Dr. Krims, a psychoanalyst for more than three decades, takes readers into the sonnets and characters of Shakespeare and unveils the Bard's talent for illustrating psychoanalytical issues. These hidden aspects of the characters are one reason they feel real and, thus, have such a powerful effect, explains Krims. In exploring Shakespeare's characters, readers may also learn much about their own inner selves. In fact, Krims explains in one chapter how reading Shakespeare and other works helped him resolve his own inner conflicts.
Topics of focus include Prince Hal's aggression, Hotspur's fear of femininity, Hamlet's frailty, Romeo's childhood trauma and King Lear's inability to grieve. In one essay, Krims offers a mock psychoanalysis of Beatrice from Much Ado about Nothing. All of the essays look at the unconscious motivations of Shakespeare's characters, and, in doing so, both challenge and extend common understandings of his texts.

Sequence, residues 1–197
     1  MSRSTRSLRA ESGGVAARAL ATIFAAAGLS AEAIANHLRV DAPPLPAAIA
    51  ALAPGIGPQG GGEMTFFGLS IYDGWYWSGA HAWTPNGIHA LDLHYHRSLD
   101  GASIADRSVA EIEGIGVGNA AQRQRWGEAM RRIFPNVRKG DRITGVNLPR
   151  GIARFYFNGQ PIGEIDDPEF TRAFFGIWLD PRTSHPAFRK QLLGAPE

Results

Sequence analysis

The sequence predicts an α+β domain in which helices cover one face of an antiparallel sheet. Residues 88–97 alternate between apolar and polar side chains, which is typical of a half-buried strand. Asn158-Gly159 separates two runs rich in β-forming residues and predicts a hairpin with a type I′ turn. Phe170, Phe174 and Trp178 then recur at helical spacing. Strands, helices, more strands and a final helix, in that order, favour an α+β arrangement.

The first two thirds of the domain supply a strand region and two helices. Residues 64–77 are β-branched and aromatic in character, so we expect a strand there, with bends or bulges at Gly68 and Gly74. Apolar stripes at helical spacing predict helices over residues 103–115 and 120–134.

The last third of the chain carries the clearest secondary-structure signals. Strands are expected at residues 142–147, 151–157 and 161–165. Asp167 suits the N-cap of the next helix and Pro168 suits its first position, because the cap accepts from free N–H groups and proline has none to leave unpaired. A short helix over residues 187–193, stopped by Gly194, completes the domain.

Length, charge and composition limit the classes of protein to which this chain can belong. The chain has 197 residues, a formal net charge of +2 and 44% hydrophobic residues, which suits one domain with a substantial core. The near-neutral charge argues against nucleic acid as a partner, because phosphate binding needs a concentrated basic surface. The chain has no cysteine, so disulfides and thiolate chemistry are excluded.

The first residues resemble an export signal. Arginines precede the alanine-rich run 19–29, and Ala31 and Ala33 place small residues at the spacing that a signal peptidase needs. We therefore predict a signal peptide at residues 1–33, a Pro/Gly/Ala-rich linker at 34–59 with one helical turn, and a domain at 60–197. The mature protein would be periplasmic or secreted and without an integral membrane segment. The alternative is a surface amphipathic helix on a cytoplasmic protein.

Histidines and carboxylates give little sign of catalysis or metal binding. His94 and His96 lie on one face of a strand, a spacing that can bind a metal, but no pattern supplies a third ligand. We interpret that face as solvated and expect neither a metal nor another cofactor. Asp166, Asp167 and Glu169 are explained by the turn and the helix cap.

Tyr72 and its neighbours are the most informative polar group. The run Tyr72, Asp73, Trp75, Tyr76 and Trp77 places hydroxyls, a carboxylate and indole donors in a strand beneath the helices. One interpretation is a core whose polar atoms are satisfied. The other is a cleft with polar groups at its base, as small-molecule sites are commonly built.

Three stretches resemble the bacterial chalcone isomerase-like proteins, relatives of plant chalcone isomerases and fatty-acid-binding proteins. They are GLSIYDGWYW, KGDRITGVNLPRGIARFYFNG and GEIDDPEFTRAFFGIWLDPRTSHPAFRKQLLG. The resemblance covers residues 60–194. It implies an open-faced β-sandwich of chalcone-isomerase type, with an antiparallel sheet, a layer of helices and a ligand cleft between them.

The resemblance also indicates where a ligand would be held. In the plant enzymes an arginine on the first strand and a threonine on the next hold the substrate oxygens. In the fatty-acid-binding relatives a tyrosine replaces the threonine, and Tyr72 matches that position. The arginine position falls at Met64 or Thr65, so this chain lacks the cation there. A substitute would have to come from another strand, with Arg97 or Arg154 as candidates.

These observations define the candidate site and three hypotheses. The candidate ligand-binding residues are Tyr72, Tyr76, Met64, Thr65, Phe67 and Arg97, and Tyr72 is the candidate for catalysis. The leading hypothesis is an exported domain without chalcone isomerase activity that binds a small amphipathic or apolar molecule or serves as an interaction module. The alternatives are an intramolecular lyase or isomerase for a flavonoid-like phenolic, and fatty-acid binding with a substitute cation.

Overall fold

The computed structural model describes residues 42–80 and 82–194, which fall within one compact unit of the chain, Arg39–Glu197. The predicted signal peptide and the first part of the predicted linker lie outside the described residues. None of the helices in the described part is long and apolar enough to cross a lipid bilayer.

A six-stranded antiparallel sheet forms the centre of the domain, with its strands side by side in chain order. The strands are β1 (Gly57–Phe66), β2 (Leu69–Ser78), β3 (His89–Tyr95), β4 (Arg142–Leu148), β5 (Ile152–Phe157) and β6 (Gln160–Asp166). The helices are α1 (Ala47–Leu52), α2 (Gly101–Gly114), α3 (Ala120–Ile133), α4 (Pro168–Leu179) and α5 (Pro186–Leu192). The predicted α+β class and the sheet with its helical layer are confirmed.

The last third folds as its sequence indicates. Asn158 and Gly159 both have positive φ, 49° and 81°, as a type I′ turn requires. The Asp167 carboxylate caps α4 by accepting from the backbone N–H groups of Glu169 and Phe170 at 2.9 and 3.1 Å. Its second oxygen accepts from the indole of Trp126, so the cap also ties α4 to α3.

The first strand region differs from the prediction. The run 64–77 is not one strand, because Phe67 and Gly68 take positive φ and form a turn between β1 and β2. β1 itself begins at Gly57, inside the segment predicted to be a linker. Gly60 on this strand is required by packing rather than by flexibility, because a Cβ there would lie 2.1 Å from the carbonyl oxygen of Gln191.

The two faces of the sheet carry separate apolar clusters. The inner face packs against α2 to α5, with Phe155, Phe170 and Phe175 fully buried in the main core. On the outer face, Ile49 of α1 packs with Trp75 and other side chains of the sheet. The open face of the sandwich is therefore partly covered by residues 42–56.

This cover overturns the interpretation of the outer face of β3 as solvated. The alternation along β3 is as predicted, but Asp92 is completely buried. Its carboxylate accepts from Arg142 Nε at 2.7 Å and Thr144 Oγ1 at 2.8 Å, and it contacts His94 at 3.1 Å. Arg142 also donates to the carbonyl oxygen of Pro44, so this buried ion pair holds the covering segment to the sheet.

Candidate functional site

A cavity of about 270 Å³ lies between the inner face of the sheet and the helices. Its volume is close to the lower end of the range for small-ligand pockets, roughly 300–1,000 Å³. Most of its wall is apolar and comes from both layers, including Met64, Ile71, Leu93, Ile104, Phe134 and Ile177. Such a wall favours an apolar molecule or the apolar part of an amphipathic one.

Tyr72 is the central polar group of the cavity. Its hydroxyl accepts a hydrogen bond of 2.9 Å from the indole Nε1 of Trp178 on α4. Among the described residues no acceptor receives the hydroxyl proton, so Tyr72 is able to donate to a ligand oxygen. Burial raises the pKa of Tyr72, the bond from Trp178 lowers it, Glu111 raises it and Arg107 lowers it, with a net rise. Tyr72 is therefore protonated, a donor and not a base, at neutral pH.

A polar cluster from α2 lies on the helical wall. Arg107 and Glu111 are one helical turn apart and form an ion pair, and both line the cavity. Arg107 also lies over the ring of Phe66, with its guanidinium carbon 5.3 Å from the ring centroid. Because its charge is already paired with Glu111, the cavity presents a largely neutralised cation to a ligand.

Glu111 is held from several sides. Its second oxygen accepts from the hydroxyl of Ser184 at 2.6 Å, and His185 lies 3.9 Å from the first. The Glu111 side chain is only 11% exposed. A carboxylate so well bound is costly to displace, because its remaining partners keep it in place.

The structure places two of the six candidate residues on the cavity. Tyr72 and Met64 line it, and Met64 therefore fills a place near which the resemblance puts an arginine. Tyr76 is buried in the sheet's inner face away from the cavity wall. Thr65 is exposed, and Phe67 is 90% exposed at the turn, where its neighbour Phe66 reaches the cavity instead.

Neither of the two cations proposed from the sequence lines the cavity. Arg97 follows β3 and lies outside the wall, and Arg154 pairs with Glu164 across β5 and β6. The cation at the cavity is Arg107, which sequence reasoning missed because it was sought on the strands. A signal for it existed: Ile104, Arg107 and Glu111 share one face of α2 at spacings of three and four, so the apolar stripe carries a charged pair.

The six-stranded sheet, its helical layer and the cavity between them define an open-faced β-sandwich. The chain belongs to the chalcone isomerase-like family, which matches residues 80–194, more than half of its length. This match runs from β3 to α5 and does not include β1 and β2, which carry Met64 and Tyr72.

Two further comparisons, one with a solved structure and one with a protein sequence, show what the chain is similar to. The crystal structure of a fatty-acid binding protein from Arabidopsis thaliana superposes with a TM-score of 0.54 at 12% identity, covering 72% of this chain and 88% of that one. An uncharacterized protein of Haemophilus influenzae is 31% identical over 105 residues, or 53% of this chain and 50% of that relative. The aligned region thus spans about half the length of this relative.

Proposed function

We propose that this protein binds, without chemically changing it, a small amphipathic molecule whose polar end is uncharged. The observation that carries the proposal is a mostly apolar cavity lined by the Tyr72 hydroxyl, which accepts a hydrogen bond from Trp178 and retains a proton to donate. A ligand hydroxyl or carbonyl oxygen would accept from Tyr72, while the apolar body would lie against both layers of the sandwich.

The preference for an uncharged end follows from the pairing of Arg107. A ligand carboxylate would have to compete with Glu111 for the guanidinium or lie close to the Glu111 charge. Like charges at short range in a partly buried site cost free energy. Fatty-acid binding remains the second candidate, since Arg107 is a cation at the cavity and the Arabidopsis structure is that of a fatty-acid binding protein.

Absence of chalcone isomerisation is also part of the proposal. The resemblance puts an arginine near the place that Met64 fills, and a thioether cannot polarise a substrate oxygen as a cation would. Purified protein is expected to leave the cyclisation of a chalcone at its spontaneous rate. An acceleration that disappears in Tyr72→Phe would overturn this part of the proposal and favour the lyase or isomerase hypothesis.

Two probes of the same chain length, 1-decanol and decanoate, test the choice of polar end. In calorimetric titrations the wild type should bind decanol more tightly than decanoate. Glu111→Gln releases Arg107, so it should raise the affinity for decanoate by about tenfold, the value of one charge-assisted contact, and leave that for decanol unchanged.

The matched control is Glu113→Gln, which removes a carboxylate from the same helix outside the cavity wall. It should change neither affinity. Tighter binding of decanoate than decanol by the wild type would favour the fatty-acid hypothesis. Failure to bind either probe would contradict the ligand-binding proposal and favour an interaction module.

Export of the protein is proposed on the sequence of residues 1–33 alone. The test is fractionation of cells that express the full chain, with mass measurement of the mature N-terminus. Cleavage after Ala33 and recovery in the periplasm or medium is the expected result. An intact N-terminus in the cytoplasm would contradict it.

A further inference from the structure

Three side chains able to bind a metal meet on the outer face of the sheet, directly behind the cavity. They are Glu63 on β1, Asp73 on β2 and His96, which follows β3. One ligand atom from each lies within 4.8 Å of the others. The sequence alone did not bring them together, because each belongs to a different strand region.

About the Author:
Marvin Bennett Krims, M.D., is a Lecturer in Psychiatry at Harvard Medical School. Dr. Krims is also Supervisor and Instructor of Psychotherapy at the Harvard Longwood Psychiatry Residency Program. He is also Associate Clinical Professor at Tufts Medical School. Dr. Krims is a Distinguished Fellow of the American Psychiatric Association. He won the 1998 Robert J. Stoller Foundation Prize for his essay In Defense of Volumnia in Shakespeare's The Tragedy of Coriolanus.